But there’s minimal validity to questioning the conservative strategy in this loss.”

Hyde goes on to point out four points lost in the kicking game, three turnovers—which a three-loss Miami team cannot afford when facing the defending champs—as well as Johnson sidelined with cramps for the Hurricanes’ final possession and attempt at a game-winning touchdown; an overtime-forcing field goal not an option due to the earlier missed point after.

While the next few paragraphs won’t be a treat to write, read or digest, the drive-by-drive deep-dive is necessary based on emotional-overload and lack-of-logic being displayed by some in the wake of this loss.

Hyde touched on it and it’s fact; after an event like this, the desire and need by many to finger-pointing time and the blame game.

Someone has to be at fault and based on the the past few years and sub-par results, going after the coaches is understandable; until one rewatches the second half with a truly discerning eye. Below is the result of doing just that:

Up 13 points, how did Miami open the second half? Attempting to do what worked up until that point; attacking the middle of the field as Kaaya went right back to Walford. This time around, Kaaya’s throw as a little behind and defensive back Jalen Ramsey knew was what coming, made a play on the ball and almost came away with an interception.

Seminoles coaches watched the Hurricanes pick apart the middle of the field the first half, attempted to adjust and were intent on not letting that fly the rest of the game. (Despite this desire, Miami still attempted to attack the middle as it was open more times than not.)

Facing 2nd-and-10, Miami ran Johnson in an attempt to get something back, would up with ten. With a new set of downs, Kaaya threw to Johnson in the flats, but the play lost two as Ramsey read it, was in the backfield and made the tackle.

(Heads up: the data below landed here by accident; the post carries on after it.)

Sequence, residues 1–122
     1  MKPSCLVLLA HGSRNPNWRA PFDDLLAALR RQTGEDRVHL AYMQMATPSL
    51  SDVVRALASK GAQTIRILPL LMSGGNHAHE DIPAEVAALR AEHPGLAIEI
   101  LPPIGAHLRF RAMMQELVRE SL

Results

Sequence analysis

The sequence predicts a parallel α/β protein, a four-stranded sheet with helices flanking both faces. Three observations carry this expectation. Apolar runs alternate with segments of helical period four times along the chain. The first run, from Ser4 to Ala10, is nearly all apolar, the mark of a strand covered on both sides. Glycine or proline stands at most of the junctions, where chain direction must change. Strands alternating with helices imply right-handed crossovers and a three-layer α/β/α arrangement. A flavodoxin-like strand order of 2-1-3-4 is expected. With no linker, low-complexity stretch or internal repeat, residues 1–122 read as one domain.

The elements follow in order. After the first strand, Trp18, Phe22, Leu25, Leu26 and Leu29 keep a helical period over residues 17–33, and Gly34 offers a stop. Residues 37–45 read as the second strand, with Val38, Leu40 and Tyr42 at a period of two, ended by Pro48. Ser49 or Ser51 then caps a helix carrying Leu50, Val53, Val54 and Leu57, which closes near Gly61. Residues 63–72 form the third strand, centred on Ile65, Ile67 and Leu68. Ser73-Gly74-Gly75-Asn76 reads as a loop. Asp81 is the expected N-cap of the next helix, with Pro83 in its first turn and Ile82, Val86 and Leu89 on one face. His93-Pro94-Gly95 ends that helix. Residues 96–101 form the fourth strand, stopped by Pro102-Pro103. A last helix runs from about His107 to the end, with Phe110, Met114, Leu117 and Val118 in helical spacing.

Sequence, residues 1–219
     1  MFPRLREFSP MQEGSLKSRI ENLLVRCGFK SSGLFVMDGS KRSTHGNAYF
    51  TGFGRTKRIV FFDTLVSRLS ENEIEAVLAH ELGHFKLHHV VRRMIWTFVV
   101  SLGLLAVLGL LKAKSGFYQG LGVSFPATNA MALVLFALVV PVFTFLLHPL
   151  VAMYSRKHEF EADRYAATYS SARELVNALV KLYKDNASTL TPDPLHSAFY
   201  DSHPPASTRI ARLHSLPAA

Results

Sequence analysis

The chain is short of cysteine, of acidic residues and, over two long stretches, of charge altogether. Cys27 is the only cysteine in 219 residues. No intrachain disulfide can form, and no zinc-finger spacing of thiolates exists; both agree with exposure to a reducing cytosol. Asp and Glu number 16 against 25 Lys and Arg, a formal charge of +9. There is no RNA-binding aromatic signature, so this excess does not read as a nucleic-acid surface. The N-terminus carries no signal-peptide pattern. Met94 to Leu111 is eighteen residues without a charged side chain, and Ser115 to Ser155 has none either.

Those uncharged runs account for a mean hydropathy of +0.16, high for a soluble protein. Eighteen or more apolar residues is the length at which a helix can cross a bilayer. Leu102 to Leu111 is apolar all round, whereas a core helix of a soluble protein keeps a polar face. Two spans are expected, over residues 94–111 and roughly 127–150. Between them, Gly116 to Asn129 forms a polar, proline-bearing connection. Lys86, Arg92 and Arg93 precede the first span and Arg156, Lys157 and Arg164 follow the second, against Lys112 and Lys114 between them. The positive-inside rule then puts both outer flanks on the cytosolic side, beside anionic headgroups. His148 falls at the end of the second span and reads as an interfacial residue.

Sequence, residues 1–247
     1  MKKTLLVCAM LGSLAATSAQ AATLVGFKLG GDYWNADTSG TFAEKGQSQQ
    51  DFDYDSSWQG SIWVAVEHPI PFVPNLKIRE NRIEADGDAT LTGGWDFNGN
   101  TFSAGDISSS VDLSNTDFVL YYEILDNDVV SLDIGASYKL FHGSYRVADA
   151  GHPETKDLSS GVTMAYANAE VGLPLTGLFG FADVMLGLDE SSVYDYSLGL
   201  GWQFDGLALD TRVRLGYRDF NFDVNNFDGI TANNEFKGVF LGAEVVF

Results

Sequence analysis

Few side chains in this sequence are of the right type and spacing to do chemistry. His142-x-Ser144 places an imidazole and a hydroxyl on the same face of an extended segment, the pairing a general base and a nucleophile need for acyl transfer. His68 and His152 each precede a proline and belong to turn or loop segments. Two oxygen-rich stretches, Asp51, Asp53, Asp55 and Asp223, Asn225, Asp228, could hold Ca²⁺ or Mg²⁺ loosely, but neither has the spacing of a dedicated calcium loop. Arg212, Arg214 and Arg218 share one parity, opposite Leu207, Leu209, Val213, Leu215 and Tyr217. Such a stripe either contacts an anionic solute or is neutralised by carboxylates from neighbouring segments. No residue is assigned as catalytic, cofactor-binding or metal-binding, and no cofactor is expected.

On third down Kaaya had Coley streaking down the right side, a window in which to fit the ball and he simply overthrew the receiver, setting up the punt—but again, nothing conservative about the Canes’ opening second half possession.

Miami’s Sonny Odogwu gets hit with a 15-yard personal foul, tackling the returner half a mile out of bounds and the Noles started on the Canes’ 40-yard line. Unfazed, Raphael Kirby was is in the mix two plays later, forced a fumble and Miami’s offense was back in business.

Johnson rushed on first down and picked up five, but Danny Isadora was hit with an illegal chop-block. It set up a 1st-and-21 and Miami immediately went back to the air—Kaaya finding Walford again in the middle of the field. 19-yard gain and on 2nd-and-2, Johnson plowed ahead for five yards.

The Canes went back to Johnson for seven and back-to-back Yearby runs netted nine total yards. Is four runs in a row conservative when it’s working and moving the chains? No. It’s taking what the defense is giving.

Facing a 2nd-and-7, Kaaya looked for Malcolm Lewis—who appeared to be held when streaking up the right sideline. On 3rd-and-7, Kaaya went quick-strike to Dorsett, who would’ve had a first down and more, but Mario Edwards got a hand on the ball, forcing another punt. Good call and a combination of poor execution / head-up defensive football.

The players didn’t make the play, but coaching was far from conservative. Canes’ coaches were looking to move the chains and build on the lead.

Florida State dinked-and-dunked their way to a touchdown on the ensuing possession, going 85 yards on 11 plays. Facing a 3rd-and-Goal from the 11-yard line, Tyriq McCord got a hand on Winston’s pass, tipped it up in the air and Karlos Williams brought it down and rolled in for the touchdown—as fluke as fluke can get, but the Canes still led, 23-17 and had another chance to build on their lead, but didn’t.

Miami went to Johnson on first down and the running back picked up six. On 2nd-and-4 a four-yard run was good for first down. Chains moving.

A third run with Johnson resulted in a one-yard loss, but it was obviously setting up the pass as Kaaya went back to the middle of the field on 2nd-and-11, finding Standish Dobard for what should’ve been a 30-yard gain, if not more.

Instead, the second fumble by a Miami tight end on the night and Florida State had the ball, looking for a go-ahead score. One more time, poor execution on the heels of some good play calling.

Credit to the Hurricanes’ defense, it forced a 37-yard field goal by Aguayo, putting the Noles in a 3rd-and-9 situation that was further aided by a false start—making for a three point Miami lead opposed to Florida State pulling ahead.

Where field goals used to sail up, down and all around for the Seminoles in this rivalry, Aguayo was perfect, scoring 12 of Florida State’s 30 points on Saturday night and has been a one of this program’s most valuable players for years now. That can’t be taken for granted—especially when Badgley gave away four points in the kicking game for the Canes.